Our latest entry in our series “Overlooked” reflects back on the 2014 Washington Nationals — everything that went right in the regular season and so, so wrong in the playoffs.
The Nationals haven’t been in town long enough to have many “overlooked” seasons in Washington. But in light of their first World Series victory, which they’ll launch their defense of later this month in an unusual 60-game season, it’s worth revisiting one of the many Nationals teams that fell short of championship-level expectations.
The year was 2014, and the Nationals’ circumstances seemed perfect for a run at a title. They had a healthy Stephen Strasburg, solid pitchers backing him up and an experienced lineup. Bryce Harper, just 21, was about to enter his prime. The Strasburg-less 2012 playoff defeat still stung, but there was no reason to believe the franchise was doomed to choke in the playoffs year after year.
So when the Nationals were eliminated early that fall, players couldn’t help but feel like they blew their best opportunity yet to make a World Series run.
“The window isn’t closed,” Ian Desmond said at the time, “but it is closing.”
Desmond didn’t have the benefit of a crystal ball to show how the Nationals would eventually get over the hump in 2019, and how drastically different that roster would look. Nevertheless, there’s a reason MASN recently ranked the 2014 Nationals as the organization’s best team to wither away a realistic shot to win the World Series.
In 2013, Sports Illustrated picked the Nationals to win the championship in its baseball preview issue — and Washington responded by missing the playoffs altogether. That didn’t matter when 2014 rolled around. Sports Illustrated picked the Nationals again, an example of just how confident the baseball world was in their talent.
They got off to a somewhat lukewarm start; having someone new in charge — first-year manager Matt Williams — might have contributed to that. It didn’t help matters that Harper tore a ligament in his thumb and missed a few months.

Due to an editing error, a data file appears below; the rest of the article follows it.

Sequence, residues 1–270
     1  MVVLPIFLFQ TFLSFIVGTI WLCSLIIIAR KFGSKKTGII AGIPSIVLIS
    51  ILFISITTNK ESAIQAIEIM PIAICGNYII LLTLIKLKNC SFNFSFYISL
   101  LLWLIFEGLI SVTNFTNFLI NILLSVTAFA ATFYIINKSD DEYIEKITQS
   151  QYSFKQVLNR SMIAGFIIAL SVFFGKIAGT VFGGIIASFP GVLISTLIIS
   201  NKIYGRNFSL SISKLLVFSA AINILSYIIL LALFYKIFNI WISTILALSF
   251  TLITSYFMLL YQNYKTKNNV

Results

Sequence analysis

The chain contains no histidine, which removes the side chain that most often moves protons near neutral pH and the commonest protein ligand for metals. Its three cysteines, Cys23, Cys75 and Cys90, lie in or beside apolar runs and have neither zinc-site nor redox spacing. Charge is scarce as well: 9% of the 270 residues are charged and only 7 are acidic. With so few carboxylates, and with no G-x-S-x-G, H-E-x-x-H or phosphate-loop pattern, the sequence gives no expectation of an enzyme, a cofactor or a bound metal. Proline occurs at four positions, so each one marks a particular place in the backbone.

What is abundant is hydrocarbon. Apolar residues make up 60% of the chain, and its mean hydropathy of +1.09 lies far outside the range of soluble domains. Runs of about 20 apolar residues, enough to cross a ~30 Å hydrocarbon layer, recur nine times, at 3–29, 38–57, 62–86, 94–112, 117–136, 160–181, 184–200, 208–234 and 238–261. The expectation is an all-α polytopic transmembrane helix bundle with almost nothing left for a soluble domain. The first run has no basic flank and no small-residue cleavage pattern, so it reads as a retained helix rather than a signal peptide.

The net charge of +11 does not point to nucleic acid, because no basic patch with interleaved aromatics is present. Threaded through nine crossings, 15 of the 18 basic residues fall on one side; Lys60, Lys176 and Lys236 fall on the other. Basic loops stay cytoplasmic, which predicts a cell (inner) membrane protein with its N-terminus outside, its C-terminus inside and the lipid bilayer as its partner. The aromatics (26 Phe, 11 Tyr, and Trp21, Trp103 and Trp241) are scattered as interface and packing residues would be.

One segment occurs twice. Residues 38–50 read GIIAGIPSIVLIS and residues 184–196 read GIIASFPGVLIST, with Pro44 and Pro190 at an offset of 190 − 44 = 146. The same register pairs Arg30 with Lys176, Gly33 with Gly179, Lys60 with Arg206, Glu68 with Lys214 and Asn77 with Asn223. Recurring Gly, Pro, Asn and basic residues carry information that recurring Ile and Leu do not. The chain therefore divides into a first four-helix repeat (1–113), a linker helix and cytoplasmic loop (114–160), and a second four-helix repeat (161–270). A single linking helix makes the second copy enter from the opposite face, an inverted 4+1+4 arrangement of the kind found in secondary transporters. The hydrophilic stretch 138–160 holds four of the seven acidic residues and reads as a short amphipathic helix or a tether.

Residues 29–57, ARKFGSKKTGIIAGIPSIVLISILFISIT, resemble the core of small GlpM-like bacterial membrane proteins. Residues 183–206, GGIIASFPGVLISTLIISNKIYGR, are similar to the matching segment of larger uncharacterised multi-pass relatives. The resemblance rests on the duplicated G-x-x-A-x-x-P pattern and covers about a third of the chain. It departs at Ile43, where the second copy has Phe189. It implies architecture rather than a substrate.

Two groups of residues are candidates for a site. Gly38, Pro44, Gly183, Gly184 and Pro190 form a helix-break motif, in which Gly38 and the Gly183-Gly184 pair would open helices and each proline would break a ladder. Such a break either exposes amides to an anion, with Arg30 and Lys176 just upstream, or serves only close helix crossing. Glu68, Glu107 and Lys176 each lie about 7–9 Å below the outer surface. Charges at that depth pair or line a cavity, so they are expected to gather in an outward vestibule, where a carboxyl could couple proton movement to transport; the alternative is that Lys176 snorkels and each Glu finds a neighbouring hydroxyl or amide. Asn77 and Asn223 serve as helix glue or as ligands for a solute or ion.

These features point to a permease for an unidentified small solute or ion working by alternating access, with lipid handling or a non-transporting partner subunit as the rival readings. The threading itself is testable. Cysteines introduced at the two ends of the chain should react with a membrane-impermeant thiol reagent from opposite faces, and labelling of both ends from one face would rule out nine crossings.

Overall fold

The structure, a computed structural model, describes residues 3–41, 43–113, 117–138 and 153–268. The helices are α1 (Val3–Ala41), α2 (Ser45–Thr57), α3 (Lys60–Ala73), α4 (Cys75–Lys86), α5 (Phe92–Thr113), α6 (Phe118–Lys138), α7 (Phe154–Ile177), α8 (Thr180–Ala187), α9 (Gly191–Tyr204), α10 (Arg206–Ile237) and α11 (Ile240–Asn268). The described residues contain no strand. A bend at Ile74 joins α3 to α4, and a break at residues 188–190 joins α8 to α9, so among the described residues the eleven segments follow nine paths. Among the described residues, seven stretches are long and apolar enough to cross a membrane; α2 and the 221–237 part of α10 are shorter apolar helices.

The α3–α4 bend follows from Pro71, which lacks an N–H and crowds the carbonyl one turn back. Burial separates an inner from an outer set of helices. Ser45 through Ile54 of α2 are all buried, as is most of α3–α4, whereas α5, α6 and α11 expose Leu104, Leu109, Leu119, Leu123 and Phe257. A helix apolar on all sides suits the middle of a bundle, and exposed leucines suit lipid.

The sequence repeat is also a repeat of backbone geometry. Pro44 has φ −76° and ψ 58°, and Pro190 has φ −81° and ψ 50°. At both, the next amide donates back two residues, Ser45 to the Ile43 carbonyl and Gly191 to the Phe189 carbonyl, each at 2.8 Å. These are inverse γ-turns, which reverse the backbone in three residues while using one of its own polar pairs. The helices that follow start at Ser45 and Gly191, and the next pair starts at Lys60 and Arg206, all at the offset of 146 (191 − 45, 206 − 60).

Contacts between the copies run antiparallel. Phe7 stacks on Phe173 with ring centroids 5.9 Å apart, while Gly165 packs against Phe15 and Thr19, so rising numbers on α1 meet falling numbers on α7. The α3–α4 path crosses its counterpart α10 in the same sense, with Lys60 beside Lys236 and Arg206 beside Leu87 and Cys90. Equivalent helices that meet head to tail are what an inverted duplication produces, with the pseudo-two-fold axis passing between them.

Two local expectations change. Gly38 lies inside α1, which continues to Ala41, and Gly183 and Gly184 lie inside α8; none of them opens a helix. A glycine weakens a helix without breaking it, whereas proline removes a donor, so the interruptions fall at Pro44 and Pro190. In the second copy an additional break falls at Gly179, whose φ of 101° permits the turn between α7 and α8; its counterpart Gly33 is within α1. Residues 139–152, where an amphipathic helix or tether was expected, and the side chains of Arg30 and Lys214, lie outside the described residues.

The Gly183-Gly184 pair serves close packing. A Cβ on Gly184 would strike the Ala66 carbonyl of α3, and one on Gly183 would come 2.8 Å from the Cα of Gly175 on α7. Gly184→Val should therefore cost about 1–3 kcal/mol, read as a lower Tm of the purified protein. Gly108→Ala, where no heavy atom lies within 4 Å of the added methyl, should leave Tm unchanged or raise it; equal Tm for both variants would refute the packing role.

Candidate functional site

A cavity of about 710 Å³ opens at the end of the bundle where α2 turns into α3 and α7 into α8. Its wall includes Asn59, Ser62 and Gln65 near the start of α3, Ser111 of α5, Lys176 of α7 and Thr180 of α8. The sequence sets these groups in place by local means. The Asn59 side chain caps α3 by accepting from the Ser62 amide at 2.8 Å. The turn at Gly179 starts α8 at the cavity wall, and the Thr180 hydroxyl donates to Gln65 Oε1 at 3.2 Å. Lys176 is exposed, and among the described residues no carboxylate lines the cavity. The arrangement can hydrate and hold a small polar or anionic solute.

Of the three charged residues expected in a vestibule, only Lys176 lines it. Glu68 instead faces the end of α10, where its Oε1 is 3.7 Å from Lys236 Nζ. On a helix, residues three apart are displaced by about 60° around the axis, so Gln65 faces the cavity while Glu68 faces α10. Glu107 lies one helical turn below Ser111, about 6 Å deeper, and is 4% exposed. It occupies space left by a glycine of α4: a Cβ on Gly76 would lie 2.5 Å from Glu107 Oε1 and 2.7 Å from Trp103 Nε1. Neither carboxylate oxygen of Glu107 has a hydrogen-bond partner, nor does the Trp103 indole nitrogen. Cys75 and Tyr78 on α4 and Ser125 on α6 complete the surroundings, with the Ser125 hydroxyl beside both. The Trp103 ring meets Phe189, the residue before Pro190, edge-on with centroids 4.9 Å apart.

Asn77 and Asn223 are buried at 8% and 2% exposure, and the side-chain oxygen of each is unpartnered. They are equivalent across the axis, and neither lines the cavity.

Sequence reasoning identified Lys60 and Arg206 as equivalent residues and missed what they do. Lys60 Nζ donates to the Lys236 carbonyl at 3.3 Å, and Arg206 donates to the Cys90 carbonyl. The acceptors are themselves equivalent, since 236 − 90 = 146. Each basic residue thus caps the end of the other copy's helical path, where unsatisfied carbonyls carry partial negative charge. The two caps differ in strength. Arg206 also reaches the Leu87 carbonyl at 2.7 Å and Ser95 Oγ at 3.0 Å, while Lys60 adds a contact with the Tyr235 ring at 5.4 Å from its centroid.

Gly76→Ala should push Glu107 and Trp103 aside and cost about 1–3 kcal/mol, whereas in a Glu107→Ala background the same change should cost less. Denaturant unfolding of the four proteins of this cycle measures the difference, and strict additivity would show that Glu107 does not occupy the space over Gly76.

But Harper was still a year away from his monster season that earned him the 2015 National League MVP. This lineup had several threatening batters rather than one superstar. A young Anthony Rendon — remember him? — led the team in slugging percentage at .473. Rendon, Desmond and Adam LaRoche all hit more than 20 home runs and the three of them plus Jayson Werth each surpassed 80 RBI.
It was around this time that year that the Nationals started to break free from the pack. A four-game winning streak in July gave Washington a division lead it would never relinquish. But a 10-win streak in August — featuring sweeps of the Mets, Pirates and Diamondbacks and no fewer than five walk-off victories — likely convinced many watching that this team was World Series-bound.
Jordan Zimmermann helped the Nationals finish the regular season off with a bang, tossing a no-hitter to beat the Marlins in the finale, so it appeared their pitching was also hot as October arrived.
None of this, however, impressed Tim Hudson.
The San Francisco Giants’ ace told the Washington Post in no uncertain terms what he thought of the Nationals’ toughness when the two teams were paired up in the NL Divisional Series.
“‘They have some great pitching. But come playoff time, talent can take you a long ways, but what do you have between your legs?” Hudson said. “That’s going to take you real far. And I think we’ve got a group in here that really has some of that.”
Fans know what happened next. The one-run Game 1 loss, despite a healthy Harper‘s late home run that nearly sparked a full comeback. The infamous Drew Storen meltdown in Game 2 after Williams pulled a dominant Zimmermann off the mound in the ninth. The 18-inning affair that ensued, finally claimed by San Francisco with a solo home run by Brandon Belt.
After six hours and 23 minutes of low-scoring baseball that night, all the Nationals had to show for their efforts was a 2-0 series deficit.
Even though Harper shifted into superstar mode and the Nationals took Game 3 in San Francisco, Game 4 was the disappointing capper. Aaron Barrett’s bases-loaded wild pitch let the Giants take the lead for good in the seventh, and the Nationals again lost their first-round playoff series.
The 96-66 regular season record, all the expectations in the world — shattered, gone in less than a week. Fans were stunned. The players themselves weren’t feeling much better.
“I wish we could have a redo on this whole series,” LaRoche said. “I feel like we didn’t see the team over the last few days that we have for six months.”
On Thursday, not long after he received his 2019 World Series ring, Strasburg was asked to reflect on the agony the Nationals had gone through before reaching the sport’s pinnacle.
“There was definitely some heartbreak for this franchise in the past,” Strasburg said. “But I think the greatest thing about this organization is that they continue to bring in great talent, great players, great coaches, and we’ve really had just a good nucleus and a good group of young guys constantly coming up every few years and contributing.”
Desmond was wrong about the window closing. It just took five more years — and a new era of Nationals baseball — to get over the hump.
“Winning last year was great, but I think a lot of the guys that were part of the failures or the disappointment in past postseasons weren’t even really on the team,” Strasburg said. “So it was kind of like a fresh start.”
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